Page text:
Depression in Women (Infographic)
Although many people experience depression after losing a loved one or a job, or being diagnosed with a serious illness, major depression is an ongoing and disabling disease.
- Depression affects nearly twice as many women as men.
- It is one of the most common mental health disorders in the United States.
- About one in eight women can expect to develop major depression during her lifetime.
- Depression occurs most frequently in women aged 25 to 44.
Major Depression Symptoms: Women vs. Men
Women: Feelings of sadness, worthlessness and guilt. Fewer than half of women who experience major depression seek medical care.
Men: Fatigue, irritability and anger.
Types of Depression
Depression comes in many forms:
Major depression: The hallmark of major depression is an overwhelming feeling of sadness or a loss of interest in your usual activities. Symptoms last for at least two weeks and may impact your daily life, making going to work, school or other functions difficult.
Persistent depression: When you consistently feel low for most days over a two-year period, you may have persistent depression. The symptoms aren't as intense as major depression, and you may also have brief periods of feeling better.
Premenstrual dysphoric disorder: Although similar to premenstrual syndrome (PMS), premenstrual dysphoric disorder (PMDD) is more severe. You may experience intense feelings of sadness, tension and irritability that affect daily functioning.
Seasonal affective disorder: If you experience depression in winter that gets better during spring and summer, you may have seasonal affective disorder (SAD). Characterized by social withdrawal and increased sleep, SAD is triggered by reduced exposure to sunlight.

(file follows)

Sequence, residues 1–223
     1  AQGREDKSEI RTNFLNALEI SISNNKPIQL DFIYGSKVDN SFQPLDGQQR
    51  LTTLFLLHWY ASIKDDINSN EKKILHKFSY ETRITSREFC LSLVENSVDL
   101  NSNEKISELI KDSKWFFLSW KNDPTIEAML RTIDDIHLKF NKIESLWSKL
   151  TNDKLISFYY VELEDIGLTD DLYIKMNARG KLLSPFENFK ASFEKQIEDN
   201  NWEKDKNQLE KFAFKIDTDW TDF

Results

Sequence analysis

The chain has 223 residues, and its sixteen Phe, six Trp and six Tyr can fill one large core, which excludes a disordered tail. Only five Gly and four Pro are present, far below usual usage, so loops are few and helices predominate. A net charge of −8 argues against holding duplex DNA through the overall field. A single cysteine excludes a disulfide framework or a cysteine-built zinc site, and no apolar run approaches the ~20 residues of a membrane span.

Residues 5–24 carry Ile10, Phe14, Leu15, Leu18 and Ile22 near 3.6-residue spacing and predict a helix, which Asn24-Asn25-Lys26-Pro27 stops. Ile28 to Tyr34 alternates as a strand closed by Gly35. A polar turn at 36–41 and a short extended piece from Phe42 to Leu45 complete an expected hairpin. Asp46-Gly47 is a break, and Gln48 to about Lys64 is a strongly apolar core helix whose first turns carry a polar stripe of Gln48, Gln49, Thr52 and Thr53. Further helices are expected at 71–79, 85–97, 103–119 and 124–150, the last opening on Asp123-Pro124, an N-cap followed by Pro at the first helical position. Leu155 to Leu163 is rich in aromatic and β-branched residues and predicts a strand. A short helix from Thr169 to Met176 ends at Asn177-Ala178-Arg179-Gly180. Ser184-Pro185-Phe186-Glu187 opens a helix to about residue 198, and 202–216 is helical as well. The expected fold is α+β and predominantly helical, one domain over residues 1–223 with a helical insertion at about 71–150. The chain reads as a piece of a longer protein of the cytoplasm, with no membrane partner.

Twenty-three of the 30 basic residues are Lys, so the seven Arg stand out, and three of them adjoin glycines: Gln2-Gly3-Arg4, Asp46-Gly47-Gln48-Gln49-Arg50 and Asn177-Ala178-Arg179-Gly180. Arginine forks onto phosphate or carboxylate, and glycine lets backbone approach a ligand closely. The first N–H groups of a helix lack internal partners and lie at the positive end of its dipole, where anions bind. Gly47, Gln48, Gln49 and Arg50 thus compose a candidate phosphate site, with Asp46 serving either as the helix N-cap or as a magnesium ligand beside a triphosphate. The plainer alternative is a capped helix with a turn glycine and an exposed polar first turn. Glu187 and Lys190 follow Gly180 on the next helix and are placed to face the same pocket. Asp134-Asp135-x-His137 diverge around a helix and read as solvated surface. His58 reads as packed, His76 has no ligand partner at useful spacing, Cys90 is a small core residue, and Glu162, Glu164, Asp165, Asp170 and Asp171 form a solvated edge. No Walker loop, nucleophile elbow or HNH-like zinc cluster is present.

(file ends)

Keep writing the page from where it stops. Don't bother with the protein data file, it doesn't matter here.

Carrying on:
Perinatal Anxiety and Mood Disorders: When you have symptoms of major depression during pregnancy or after delivery it's called perinatal anxiety and mood disorder (PAMD). The condition can interfere with your ability to care for yourself and your baby.
5 Depression Triggers
Genetic, biological and environmental factors can trigger or exacerbate symptoms of depression. Here are five common culprits of depression in women:
- Birth control
- Lack of sunlight
- Having a baby
- Social media usage
- Thyroid disease
Depression is Crippling
Depression is the leading cause of disability in the U.S. for people ages 15 to 44.
When you're depressed, you may also be struggling with…
- An eating disorder: Research indicates a strong relationship between depression in women and eating disorders.
- Substance abuse: One of out three people with depression has issues with substance abuse or dependence.
- An unhappy marriage: People with unhappy marriages have the highest rates of depression.
Natural Mood Boosters for Mild Depression
If your mood is low, but you’re still able to carry out your normal, daily routine, try one or more of these activities that can help reduce depression symptoms:
- Aerobic exercise
When to Seek Professional Help
Major depression is treatable if you seek medical care. Appropriate therapies may include medication, psychological counseling and alternative strategies including meditation, massage and exercise.
If you have persistent feelings of depression, you should make an appointment to talk with our specialists in behavioral health. They can assess your needs and help you feel like yourself again.